What people pay for medicine can vary widely depending on the type of drug, whether or not it's available as a generic and the pharmacy where the prescription is filled. Studies show that as the price of a drug increases, many people choose to change their dose by taking less or they stop taking it altogether. Both of these do-it-yourself, cost-saving measures can put people at risk for health complications.
There are safer ways to cut costs than skimping on—or skipping —the medicines you need. CFAH’s Be a Prepared Patient® resource, Paying for Prescription Medications explains various ways to get lower cost medication such as:
- Getting your pharmacist involved
- Asking for generics
- Seeking out patient assistant programs
- Working with your physician to eliminate drugs you don’t need
It also offers additional resources from experts like Consumer Reports, with a report on the best drugs for less, and the Partnership for Prescription Assistance, which offers access to more than 475 public and private programs to help patients get medicine for free or nearly free.
What if you're having trouble managing multiple medications?
A study published this June in Mayo Clinic Proceedings found that:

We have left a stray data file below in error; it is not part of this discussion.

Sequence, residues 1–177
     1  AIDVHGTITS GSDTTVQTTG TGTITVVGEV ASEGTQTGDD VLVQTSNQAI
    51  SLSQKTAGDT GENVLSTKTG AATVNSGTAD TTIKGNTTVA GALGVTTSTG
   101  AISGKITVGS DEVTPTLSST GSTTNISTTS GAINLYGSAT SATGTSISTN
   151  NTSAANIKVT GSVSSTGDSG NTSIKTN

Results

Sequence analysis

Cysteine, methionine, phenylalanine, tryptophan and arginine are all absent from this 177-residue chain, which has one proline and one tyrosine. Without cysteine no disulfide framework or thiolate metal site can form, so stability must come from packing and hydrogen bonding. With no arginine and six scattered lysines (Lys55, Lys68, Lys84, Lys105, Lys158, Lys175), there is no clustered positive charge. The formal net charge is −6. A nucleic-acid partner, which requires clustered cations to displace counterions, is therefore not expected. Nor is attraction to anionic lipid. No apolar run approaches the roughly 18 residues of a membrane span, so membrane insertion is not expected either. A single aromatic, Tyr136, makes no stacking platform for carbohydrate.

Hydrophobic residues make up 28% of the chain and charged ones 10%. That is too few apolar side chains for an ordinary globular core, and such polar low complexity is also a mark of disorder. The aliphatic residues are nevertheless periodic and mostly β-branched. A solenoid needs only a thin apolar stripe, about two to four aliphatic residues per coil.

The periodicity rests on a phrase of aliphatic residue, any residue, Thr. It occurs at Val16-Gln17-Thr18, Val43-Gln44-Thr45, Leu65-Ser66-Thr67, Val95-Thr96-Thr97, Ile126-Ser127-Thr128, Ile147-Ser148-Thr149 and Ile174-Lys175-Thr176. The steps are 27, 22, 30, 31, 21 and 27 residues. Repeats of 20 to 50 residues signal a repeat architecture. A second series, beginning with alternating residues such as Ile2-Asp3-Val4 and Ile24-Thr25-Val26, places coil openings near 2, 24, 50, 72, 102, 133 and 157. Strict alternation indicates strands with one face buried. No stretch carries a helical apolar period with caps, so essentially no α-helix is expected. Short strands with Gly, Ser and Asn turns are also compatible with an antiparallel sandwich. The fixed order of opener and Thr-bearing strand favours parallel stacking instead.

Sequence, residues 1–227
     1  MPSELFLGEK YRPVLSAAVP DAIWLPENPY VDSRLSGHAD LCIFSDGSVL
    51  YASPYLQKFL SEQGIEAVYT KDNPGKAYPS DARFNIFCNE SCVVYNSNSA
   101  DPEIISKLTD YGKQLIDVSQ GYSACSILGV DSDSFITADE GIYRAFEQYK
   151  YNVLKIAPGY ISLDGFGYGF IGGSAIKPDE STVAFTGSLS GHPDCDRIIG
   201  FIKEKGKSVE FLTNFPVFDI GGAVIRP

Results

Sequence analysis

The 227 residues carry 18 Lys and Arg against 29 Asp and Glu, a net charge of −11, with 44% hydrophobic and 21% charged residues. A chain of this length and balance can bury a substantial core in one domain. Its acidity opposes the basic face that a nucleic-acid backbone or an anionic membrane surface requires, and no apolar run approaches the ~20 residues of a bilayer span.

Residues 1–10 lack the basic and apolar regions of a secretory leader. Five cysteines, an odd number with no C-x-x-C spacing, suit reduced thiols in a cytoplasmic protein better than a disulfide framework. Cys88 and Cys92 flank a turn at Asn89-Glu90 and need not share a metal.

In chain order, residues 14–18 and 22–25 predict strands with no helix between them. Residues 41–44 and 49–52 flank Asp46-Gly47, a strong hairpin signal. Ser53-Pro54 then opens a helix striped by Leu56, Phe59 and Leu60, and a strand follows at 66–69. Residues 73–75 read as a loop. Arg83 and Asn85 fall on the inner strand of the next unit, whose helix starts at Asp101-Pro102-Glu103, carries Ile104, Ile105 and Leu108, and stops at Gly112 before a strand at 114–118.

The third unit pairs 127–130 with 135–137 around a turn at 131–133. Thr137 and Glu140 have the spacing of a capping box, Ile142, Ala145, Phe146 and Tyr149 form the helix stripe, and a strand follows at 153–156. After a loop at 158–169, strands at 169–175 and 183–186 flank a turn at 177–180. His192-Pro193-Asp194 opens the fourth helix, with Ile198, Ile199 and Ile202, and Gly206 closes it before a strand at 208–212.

- Nearly 70 percent of Americans take at least one prescription drug
- More than 50 percent of Americans take two prescription drugs
- 20 percent of Americans are on five or more prescription medications
As CFAH President Jessie Gruman has pointed out, taking these medications in the right dose, at the right time (sometimes multiple times a day), and dealing with their side effects is difficult for many people to manage. Plus, not taking medication or not taking it properly (sometimes described as non-adherence) is estimated to cause over $100 billion in avoidable health care costs due to health complications, avoidable hospital visits and additional advanced treatment*.
The Be a Prepared Patient® resource, Managing Your Medications, offers suggestions to people who are trying to juggle various medications they must take to stay healthy.
*Avoidable Costs in U.S. Healthcare. IMS Institute of Healthcare Informatics. June, 2013.